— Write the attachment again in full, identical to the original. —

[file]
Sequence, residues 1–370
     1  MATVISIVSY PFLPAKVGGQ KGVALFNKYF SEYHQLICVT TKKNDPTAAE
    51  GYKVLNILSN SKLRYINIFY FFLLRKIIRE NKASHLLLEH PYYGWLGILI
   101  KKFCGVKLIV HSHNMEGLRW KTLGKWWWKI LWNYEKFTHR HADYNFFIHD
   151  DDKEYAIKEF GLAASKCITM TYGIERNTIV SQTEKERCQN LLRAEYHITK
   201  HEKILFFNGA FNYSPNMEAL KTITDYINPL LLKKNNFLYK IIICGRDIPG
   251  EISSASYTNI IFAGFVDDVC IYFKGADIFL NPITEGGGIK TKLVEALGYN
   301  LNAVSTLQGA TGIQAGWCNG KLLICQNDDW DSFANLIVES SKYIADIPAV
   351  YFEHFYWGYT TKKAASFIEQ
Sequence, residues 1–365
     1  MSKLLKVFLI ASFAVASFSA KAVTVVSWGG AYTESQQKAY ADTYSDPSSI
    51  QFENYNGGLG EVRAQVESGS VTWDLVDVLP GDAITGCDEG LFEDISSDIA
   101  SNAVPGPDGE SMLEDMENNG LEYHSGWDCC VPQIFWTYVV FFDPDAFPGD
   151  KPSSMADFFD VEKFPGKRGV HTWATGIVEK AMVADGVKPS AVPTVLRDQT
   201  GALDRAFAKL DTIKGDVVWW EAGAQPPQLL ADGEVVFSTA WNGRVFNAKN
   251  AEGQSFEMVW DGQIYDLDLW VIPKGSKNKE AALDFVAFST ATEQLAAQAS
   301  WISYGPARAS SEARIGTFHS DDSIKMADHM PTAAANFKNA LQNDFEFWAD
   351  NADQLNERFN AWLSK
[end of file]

Sequence, residues 1–370
     1  MATVISIVSY PFLPAKVGGQ KGVALFNKYF SEYHQLICVT TKKNDPTAAE
    51  GYKVLNILSN SKLRYINIFY FFLLRKIIRE NKASHLLLEH PYYGWLGILI
   101  KKFCGVKLIV HSHNMEGLRW KTLGKWWWKI LWNYEKFTHR HADYNFFIHD
   151  DDKEYAIKEF GLAASKCITM TYGIERNTIV SQTEKERCQN LLRAEYHITK
   201  HEKILFFNGA FNYSPNMEAL KTITDYINPL LLKKNNFLYK IIICGRDIPG
   251  EISSASYTNI IFAGFVDDVC IYFKGADIFL NPITEGGGIK TKLVEALGYN
   301  LNAVSTLQGA TGIQAGWCNG KLLICQNDDW DSFANLIVES SKYIADIPAV
   351  YFEHFYWGYT TKKAASFIEQ
Sequence, residues 1–365
     1  MSKLLKVFLI ASFAVASFSA KAVTVVSWGG AYTESQQKAY ADTYSDPSSI
    51  QFENYNGGLG EVRAQVESGS VTWDLVDVLP GDAITGCDEG LFEDISSDIA
   101  SNAVPGPDGE SMLEDMENNG LEYHSGWDCC VPQIFWTYVV FFDPDAFPGD
   151  KPSSMADFFD VEKFPGKRGV HTWATGIVEK AMVADGVKPS AVPTVLRDQT
   201  GALDRAFAKL DTIKGDVVWW EAGAQPPQLL ADGEVVFSTA WNGRVFNAKN
   251  AEGQSFEMVW DGQIYDLDLW VIPKGSKNKE AALDFVAFST ATEQLAAQAS
   301  WISYGPARAS SEARIGTFHS DDSIKMADHM PTAAANFKNA LQNDFEFWAD
   351  NADQLNERFN AWLSK